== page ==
Chemical analyses and evaluation of anthelmintic effects of Origanum majorana essential oil, in vitro and in vivo studies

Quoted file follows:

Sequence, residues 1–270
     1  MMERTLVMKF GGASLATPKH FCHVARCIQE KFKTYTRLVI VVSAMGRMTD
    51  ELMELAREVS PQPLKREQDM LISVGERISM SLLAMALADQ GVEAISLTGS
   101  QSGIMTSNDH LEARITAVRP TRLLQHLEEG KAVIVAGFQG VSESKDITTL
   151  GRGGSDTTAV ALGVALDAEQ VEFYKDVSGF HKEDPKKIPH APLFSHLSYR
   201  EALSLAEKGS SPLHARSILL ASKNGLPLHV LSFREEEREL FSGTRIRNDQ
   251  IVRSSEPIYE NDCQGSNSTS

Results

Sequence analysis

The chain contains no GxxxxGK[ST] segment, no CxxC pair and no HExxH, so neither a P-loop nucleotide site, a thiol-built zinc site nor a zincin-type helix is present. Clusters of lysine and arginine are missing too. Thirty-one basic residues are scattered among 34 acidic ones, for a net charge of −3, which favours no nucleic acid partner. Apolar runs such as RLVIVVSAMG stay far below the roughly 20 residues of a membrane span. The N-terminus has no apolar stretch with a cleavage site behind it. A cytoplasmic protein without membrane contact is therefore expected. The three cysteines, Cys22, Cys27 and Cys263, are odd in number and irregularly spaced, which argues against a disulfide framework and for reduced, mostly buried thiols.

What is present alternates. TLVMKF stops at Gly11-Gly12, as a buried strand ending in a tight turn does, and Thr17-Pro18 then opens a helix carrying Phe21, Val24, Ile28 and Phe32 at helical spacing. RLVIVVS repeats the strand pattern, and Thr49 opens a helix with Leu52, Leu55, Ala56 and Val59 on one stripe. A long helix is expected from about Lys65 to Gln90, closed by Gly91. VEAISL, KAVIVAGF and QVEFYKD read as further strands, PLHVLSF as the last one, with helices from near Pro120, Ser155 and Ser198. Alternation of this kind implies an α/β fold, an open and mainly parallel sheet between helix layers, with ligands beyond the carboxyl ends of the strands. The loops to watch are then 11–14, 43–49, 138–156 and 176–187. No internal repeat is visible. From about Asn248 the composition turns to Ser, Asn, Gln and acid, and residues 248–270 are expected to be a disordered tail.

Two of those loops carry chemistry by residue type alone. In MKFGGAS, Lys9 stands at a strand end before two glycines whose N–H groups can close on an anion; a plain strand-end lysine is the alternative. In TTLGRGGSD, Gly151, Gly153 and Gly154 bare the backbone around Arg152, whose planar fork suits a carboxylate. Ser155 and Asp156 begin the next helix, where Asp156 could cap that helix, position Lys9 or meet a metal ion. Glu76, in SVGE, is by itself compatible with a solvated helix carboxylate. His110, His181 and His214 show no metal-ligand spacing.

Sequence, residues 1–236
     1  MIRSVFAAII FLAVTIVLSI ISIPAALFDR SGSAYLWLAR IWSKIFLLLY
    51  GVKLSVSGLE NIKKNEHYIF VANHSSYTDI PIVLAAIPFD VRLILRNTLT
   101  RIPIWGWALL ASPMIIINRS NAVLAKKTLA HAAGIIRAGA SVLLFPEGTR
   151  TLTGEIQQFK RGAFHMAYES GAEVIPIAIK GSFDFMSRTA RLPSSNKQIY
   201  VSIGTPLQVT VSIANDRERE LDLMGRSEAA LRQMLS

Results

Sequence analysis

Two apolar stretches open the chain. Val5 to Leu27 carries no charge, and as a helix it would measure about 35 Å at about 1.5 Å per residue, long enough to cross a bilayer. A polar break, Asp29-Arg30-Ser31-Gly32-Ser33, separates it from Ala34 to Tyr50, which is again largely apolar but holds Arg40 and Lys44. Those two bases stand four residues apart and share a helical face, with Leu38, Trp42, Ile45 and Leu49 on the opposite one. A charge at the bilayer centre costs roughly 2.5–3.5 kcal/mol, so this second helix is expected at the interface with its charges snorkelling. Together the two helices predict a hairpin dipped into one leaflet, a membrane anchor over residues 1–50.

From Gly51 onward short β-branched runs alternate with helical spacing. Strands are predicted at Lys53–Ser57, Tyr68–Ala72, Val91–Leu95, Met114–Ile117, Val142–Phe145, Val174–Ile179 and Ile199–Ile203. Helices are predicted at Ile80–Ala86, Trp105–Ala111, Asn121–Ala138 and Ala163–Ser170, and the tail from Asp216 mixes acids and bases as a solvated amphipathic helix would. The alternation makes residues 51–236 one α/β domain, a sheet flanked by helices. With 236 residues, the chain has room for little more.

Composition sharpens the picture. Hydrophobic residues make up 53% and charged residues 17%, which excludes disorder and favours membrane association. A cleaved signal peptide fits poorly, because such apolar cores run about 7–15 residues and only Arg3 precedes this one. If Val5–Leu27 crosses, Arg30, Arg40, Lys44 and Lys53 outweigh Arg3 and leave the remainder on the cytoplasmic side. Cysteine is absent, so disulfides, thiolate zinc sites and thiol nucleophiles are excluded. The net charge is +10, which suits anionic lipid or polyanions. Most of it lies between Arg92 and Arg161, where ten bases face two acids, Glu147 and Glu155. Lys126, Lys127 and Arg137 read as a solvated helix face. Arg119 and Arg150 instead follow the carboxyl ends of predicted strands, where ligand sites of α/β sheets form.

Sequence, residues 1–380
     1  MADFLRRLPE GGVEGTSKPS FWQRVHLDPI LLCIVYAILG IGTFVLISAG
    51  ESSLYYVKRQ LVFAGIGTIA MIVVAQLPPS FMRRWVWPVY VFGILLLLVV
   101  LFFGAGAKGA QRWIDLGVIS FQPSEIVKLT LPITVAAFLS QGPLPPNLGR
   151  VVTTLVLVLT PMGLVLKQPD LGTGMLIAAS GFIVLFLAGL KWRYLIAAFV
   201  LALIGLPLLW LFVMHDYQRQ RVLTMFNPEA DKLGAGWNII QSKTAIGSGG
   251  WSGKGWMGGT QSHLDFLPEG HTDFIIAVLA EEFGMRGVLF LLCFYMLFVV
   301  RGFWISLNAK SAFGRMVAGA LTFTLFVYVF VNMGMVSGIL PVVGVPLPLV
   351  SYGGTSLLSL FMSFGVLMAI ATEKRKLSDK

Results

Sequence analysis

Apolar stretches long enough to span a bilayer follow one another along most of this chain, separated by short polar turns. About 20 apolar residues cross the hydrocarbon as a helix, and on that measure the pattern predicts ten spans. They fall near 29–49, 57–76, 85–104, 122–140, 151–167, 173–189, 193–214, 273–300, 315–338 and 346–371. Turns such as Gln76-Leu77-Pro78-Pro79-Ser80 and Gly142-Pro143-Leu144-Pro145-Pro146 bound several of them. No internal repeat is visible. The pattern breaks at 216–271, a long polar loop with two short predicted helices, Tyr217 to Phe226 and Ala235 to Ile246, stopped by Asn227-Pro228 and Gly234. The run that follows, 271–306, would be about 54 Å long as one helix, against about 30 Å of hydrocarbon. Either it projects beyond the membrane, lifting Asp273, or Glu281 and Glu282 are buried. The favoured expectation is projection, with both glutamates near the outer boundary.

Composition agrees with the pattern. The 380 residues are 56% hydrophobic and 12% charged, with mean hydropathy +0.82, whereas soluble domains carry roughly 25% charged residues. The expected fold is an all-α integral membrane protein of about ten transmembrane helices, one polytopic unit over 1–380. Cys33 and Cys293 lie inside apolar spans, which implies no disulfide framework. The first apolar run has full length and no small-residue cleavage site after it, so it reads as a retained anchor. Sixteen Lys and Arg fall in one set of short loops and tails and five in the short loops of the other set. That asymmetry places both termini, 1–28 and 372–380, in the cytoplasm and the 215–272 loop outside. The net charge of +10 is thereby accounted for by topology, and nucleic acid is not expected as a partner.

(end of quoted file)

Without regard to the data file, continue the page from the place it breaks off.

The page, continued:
Because of the development of resistance in helminths against major anthelmintic drugs, the search for alternatives is necessary. Medicinal plants are being studied as an alternative source of anthelmintics against gastrointestinal nematodes. The objective of this study is to analyse the chemical composition and evaluate the anthelmintic efficacy of Origanum majorana essential oil. Determination of chemical composition by gas chromatography/mass chromatography (GC/MS) revealed that essential oil was dominated by terpenoids, particularly carvacrol (35.65 %) and terpenic hydrocarbons p-cymene (15.82 %). In vitro anthelmintic effects against Haemonchus contortus were assessed by egg hatch assay (EHA) and adult worm motility assay (AWMA) compared with a reference drug albendazole. Essential oil showed ovicidal activity at all tested concentrations (1, 2, 4 and 8 mg/ml) and more than 80% egg hatching inhibition was observed at the highest dose (8 mg/ml). Eight hours exposure at 0.5 mg/ml essential oil induced a 50% inhibition worm motility. The in vivo study was performed on H. polygyrus by measuring the egg count reduction (ECR) and adult worm count reduction (AWCR) following treatment of animals with different doses (2000, 4000 and 5000 mg/kg) of plant essential oil, and 22 mg/kg for albendazole as positive control. The results showed that 5 000 mg/kg of essential oil inhibited egg count and adult worm count by 76.3 and 74.0 % respectively, seven days post treatment. These findings support the possible use of O. majorana essential oil to control gastrointestinal nematodes.

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